Never put players in a situation where they are consistently getting scored on or continually failing in a drill. Do everything possible to build confidence in your players. Some of them will need it more than others. You will never run the risk of building a player's confidence too much.

Be positive and instructional. A solid rule to follow as a coach is the following: For every one negative comment given, you should follow it up with at least three positive comments. In other words, when you knock a player down--pick him up!

Confidence is the result of hours upon hours, days upon days, and years upon years of dedication and relentless hard work. Reward hard work and effort.

Your players need to understand what Thomas Edison meant when he said, "I am not discouraged, because every wrong discarded is another step forward." As a coach, you must not let discouragement set in to your players. Be enthusiastic and excited for your players. Exalt their effort and praise their endeavor. As coaches, we do not like constant criticism and negative words; neither do your players. Confidence is gained by positive reinforcement, not negative feedback. Set your players up to succeed, not to fail.


Have a manager or student volunteer to record certain segments of practice, including the drills. This can prove to be a valuable resource for you and your staff. Things happen so quickly during the course of a practice or a specific drill that you may miss part of the action. Having a video tape of the drill or entire practice will allow you and your staff to go back and dissect the part you missed. It will also allow you to view other facets by replaying the tape. You do not have that option when practice is live. This can prove to be a priceless and effective way to evaluate. You can evaluate individual players, team play, effort, skill development, and much more. Video taping will allow you to evaluate as frequently as you wish.

These tapes also allow players to visually analyze and evaluate themselves. Video tapes do not lie. Athletes see their strengths and their weaknesses before their very own eyes.

I had a situation with an extremely talented upperclassman that was not living up to his capability. He had all the tools of a dominant player, yet he failed to even come close to his potential as a player (or person for that matter). After trying everything we knew--talking, encouraging, yelling, disciplining, and much more, all without results--we decided to video tape him individually for a couple of practices. We taped him when he was participating in drills, scrimmaging, and even getting a drink of water. He was unaware of our candid camera. Following a couple days of taping, I called him into my office to view the tape. The screen revealed all of his negative actions: lack of effort, laziness, and bad attitude. He looked rather foolish, and he knew it. After a short time, we stopped the tape and had a heart-to-heart talk. This time, the tape spoke louder and clearer than I could. He finally knew (and saw) what I had been saying to him for quite some time. Needless to say, he changed. Before his career ended, he became a team captain, an All-Conference player, and a second team All-American selection.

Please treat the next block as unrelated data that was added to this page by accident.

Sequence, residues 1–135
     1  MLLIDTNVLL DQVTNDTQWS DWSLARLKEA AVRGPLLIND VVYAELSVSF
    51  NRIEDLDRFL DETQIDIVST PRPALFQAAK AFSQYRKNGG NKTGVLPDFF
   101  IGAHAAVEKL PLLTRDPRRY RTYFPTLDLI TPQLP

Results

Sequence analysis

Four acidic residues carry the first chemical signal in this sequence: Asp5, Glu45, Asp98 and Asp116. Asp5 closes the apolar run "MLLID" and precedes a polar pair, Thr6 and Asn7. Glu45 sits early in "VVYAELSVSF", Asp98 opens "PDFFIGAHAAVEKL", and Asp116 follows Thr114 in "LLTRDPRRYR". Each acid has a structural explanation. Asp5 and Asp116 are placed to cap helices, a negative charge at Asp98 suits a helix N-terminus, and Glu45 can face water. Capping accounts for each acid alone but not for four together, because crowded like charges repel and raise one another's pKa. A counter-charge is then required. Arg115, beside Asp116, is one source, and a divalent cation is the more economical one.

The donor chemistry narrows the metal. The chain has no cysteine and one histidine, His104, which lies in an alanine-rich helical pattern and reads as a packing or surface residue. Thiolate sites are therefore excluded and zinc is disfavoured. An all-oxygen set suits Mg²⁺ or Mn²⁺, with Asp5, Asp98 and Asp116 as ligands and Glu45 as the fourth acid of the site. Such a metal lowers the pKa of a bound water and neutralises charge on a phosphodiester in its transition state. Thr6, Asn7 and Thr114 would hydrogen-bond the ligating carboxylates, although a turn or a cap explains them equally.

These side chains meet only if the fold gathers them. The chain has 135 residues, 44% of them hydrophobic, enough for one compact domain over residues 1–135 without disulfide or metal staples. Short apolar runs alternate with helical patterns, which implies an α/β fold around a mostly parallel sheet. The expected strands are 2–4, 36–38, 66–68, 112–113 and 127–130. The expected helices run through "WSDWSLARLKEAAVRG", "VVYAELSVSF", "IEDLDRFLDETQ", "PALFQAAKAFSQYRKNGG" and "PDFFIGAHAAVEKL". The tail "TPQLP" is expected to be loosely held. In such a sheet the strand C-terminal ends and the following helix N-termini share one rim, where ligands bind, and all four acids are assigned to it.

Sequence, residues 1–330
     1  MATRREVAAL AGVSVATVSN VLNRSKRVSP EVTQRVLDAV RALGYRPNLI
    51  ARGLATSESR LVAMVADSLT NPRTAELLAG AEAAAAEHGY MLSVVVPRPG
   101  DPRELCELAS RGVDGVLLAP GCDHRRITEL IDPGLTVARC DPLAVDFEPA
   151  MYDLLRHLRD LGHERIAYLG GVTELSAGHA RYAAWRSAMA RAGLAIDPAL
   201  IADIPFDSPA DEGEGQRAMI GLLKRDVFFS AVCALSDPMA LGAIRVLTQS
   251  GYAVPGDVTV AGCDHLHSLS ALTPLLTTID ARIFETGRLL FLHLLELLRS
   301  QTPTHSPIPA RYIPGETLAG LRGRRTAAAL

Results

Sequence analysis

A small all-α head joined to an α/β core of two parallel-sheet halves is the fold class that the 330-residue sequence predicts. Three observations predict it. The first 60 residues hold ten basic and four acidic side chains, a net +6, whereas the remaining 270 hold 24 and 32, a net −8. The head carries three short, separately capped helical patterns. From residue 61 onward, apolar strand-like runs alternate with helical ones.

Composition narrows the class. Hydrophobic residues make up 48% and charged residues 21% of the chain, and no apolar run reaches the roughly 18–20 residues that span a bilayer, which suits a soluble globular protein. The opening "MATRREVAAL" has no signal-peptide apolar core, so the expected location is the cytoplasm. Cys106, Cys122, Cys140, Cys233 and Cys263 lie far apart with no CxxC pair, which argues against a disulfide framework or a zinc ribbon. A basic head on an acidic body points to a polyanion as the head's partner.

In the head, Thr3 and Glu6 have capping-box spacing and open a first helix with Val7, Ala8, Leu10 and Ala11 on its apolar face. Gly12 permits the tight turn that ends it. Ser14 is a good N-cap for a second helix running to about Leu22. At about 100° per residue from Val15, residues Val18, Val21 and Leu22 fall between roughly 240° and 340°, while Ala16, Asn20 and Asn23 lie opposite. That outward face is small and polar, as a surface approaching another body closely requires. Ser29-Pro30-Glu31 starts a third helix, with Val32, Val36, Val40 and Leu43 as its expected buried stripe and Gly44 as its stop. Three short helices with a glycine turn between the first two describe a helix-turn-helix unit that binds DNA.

A disciplinary problem is, however, not the primary reason to video tape players. Video tape in order to evaluate. You can tape the entire court to evaluate everyone and everything, or tape specific people segments, and/or drills to evaluate effectiveness.


Try to make the drills you use in practice to mirror game-type situations. The entire purpose of using drills is to develop skills within particular phases of the game and utilize them in an actual competition. Therefore, you must create a game-like environment, which will improve your players' skill advancement and help them to implement and react correctly in a game setting. Create the illusion of actual competitive stress of a game by calling fouls, counting turnovers, using the scoreboard, and using transition.

Keep in mind that it is a drill, not a scrimmage. A drill is designed to teach and refine certain parts of your players/team's play. Do not be afraid to stop action, make adjustments, and challenge individuals. Drilling is tough, but if done right, it should make your squad game-ready. As a coach, you must demand will and teach skill. If a player is willing, he can be taught proper skills to be successful at game time. Remember, practie does not make perfect--perfect practice makes perfect.


Drill and practice rules are crucial! Structure is a vital element to the success and effectiveness of any drill. Construct rules and guidelines that allow growth and present improvement. Each team's practices are run differently, depending on the style of program and coaching. Institute a few rules that will help you reach your desired goal.

Here are a few general rules to administer:

1. Go hard
2. Never criticize your teammate(s)
3. Always compliment your teammate(s)
4. Be positive; be enthusiastic
5. Coaches must use constructive criticism only
6. Finish every drill
7. Have fun

Fee free to add additional requirements as you feel necessary.

Remember, players must always give a maximum effort, both mentally and physically when participating in drills. By doing so, they will be prepared to face, with success, a multitude of situations at game time.

Allow your players to take time to have fun each practice by conducting a "fun-type" drill. This will keep a balance, help maintain positive team morale, and create a positive practice atmosphere. Have Discipline and Be Demanding Without Being Demeaning.


(Article used by permission of BASKETBALL SENSE, The Magazine for Winning Coaches. To subscribe, go to: